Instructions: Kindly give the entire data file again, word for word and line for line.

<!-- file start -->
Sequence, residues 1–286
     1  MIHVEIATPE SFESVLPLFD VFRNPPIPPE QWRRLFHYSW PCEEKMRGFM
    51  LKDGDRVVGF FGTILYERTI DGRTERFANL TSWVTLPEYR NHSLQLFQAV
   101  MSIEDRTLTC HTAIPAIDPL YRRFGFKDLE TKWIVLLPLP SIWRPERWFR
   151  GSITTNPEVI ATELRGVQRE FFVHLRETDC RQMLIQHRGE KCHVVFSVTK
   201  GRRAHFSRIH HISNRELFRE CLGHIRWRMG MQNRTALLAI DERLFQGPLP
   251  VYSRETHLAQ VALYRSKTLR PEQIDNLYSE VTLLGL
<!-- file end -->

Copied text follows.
Sequence, residues 1–286
     1  MIHVEIATPE SFESVLPLFD VFRNPPIPPE QWRRLFHYSW PCEEKMRGFM
    51  LKDGDRVVGF FGTILYERTI DGRTERFANL TSWVTLPEYR NHSLQLFQAV
   101  MSIEDRTLTC HTAIPAIDPL YRRFGFKDLE TKWIVLLPLP SIWRPERWFR
   151  GSITTNPEVI ATELRGVQRE FFVHLRETDC RQMLIQHRGE KCHVVFSVTK
   201  GRRAHFSRIH HISNRELFRE CLGHIRWRMG MQNRTALLAI DERLFQGPLP
   251  VYSRETHLAQ VALYRSKTLR PEQIDNLYSE VTLLGL